Monday, September 6

Opportunists? I'll Opine you decide

You may have found the argument that 9/11 changed everything compelling, and that as a result all the rules have changed. I do not. What happened that day was certainly on a scale larger with regards to the cost of outcome, but ultimately, was just another in a long line of terrorist acts perpetrated worldwide over the years. I know it sounds harsh, because we value the life of our own more than any other, but on a fundimental level nothing changed except that we got hit in a spectacular fashion.

This certainly did not deter our administration from taking the ball and running as fast and far as they could with it. A populous shocked and cowed by fear, was willing to lose some of its civil liberties in exchange for the perception of security. The Patriot act was rammed through congress, and provided law enforcement all kinds of new toys to play with. Dissent was quickly discouraged, Bill Maher lost his job for having the temerity to suggest, that it took more courage to fly an airplane into a building than fire cruise missles from hundreds of mile away. Ari Fliescher was quick to warn us to watch what we said. Not so slowly, our liberties were eroded in the name of security.

One year previously, a group called the Project for a New American Century published a document titled Rebuilding America's Defenses, and near the end of that document were the acknowledgement that barring a "catastrophic and Catylizing event like a new
Pearl Harbor" that the desired changes would most likely take a long time to come to fruition. Well one year later this event came to pass, and I can't help but wonder who was licking their chops at the opportunities presented.

Despite the ravings of Mylroi, Wolfowitz, Perle among others, terrorism is an assymetric problem. While in some cases States sponser the activities, (most notably Afghanistan and Saudi Arabia), terrorism is a tactic, used by terrorists to effect some goal. This type of terrorism can not be dealt with by the use of traditional military force, no matter how often they try to move that shinola out of the warehouse. Like it or not, dealing with acts of terror efectively, requires an investigative approach more in keeping with a police force, than a military approach.

Would it were so that you could take care of the problem by invading a country, replacing rulers that have been supporters, if not directly given shelter to them, as in the case of the Taliban. But to fight terrorism with that playbook, is not unlike trying to blow up a thunderstorm. Terrorists in general, and Al Queada in particular, are an amorphous group, consisting of cells spread far and wide, with a variety of communication channels, and sources of funding. They are not unlike the the Mob. The 101st airborn is as likely to break up organized crime in New Your as the first mechanized is likely to have any real impact of terrorism as a whole in Baghdad, Tikrit, or Fallujah.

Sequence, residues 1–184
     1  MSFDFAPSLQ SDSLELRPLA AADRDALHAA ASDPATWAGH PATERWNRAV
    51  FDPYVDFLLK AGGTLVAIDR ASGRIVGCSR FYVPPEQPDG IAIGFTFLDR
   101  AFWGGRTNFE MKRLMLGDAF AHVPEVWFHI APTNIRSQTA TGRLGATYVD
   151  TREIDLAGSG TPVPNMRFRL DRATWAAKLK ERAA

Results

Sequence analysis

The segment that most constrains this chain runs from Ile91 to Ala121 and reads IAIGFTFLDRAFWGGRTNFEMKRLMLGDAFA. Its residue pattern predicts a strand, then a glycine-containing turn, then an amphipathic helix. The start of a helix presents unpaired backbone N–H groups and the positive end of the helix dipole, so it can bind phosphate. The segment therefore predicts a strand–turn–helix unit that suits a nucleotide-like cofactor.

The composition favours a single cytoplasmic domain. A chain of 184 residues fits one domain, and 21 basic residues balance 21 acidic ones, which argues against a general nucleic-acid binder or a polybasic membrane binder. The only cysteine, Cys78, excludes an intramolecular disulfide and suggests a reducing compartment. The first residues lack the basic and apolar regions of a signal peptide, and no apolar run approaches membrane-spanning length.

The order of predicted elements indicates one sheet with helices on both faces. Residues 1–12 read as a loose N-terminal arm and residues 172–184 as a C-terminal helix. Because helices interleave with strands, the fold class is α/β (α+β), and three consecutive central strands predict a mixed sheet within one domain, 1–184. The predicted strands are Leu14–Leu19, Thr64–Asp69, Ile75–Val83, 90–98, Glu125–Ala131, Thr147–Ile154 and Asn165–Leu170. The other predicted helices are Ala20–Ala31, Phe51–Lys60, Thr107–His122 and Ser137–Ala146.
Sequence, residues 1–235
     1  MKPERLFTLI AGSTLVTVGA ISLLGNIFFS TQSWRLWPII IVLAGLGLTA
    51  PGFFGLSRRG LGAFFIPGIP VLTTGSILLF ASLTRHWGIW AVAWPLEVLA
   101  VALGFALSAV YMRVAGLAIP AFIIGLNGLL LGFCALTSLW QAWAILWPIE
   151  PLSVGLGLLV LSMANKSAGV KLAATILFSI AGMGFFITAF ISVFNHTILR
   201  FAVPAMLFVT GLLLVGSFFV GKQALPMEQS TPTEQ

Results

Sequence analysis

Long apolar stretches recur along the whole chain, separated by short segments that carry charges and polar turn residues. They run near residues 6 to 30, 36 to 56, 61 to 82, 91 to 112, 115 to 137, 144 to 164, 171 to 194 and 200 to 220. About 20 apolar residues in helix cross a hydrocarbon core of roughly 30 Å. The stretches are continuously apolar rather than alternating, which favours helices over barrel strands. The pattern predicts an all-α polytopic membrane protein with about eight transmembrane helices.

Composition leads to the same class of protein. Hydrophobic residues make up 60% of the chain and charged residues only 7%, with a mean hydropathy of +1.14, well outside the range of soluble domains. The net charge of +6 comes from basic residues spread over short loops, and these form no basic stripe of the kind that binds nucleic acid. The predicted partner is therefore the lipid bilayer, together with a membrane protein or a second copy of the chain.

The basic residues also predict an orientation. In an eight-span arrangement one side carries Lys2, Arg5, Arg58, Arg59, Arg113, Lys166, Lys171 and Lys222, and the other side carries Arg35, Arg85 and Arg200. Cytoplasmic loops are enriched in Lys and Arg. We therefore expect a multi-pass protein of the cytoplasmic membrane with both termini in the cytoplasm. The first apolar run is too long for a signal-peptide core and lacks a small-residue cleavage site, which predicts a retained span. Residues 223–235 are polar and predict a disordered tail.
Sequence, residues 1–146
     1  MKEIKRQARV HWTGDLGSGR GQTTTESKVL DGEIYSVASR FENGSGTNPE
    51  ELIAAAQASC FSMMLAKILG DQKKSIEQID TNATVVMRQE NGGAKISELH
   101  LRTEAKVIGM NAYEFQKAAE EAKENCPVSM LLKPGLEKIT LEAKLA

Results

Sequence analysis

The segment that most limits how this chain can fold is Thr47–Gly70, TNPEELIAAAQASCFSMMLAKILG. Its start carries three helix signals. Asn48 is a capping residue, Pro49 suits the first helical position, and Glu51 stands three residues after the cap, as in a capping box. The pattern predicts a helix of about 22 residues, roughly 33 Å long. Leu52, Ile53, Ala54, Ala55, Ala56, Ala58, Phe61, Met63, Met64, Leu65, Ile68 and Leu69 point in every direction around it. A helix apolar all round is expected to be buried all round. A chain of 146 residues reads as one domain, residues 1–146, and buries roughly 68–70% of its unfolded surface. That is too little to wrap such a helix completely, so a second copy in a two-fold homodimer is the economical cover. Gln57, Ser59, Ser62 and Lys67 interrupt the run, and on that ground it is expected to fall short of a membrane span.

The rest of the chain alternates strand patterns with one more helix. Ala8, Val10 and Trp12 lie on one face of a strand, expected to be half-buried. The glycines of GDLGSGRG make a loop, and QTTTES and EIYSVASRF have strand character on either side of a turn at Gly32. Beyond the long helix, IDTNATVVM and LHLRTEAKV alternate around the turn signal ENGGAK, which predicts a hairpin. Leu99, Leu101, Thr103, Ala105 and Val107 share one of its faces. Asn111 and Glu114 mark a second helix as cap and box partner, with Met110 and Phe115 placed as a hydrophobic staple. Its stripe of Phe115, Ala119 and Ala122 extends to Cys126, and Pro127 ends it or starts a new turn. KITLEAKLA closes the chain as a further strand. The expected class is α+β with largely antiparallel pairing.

You want to wipe out (nearly impossible) or severly hamstring terrorism in the world, then that is going to require police work. You are going to have to choke off the financial resources which will immediately weaken the enemy. Then you are going to have to put boots on the ground and gather intelligence through infiltration, monitoring of communications, in other words HUMINT. This angle of approach is not very sexy and it certainly does not lend itself to massive increases in military spending. As the often mocked Europeans (who have been dealing with this problem a lot longer than we) have discovered it is really the only way to proceed.

What has now been proven to be an optional and pre-emptive attack on an anemic enemy, has seriously undermined our ability to render the threat of al Quaeda impotent. We let a proxy army do the majority of the fighting in Afghanistan, and did not finish the job before moving on to our great Messopotamian adventure. This is like pulling the leaves and vegetation of a dandelion and believing that we have killed the plant, only to be shocked a week later when the plant seemingly appears out of no where. You did not kill the root, therefor you did not kill the plant. Until we decide to have an honest discussion of the root causes, and the need to change our approach, this will truly become a war without end resulting in the continued and tragic loss of blood and treasure, that will likely continue beyond our lifetimes.

We need to start a dialog soon, or accept that we have become like Don Quixote, forever to be tilting at windmills, and that our children will never have the opportunity to grow up free from fear as we did. Our present course on this front is simply unsustainable, and unlikely to result in the extermination of terrorism.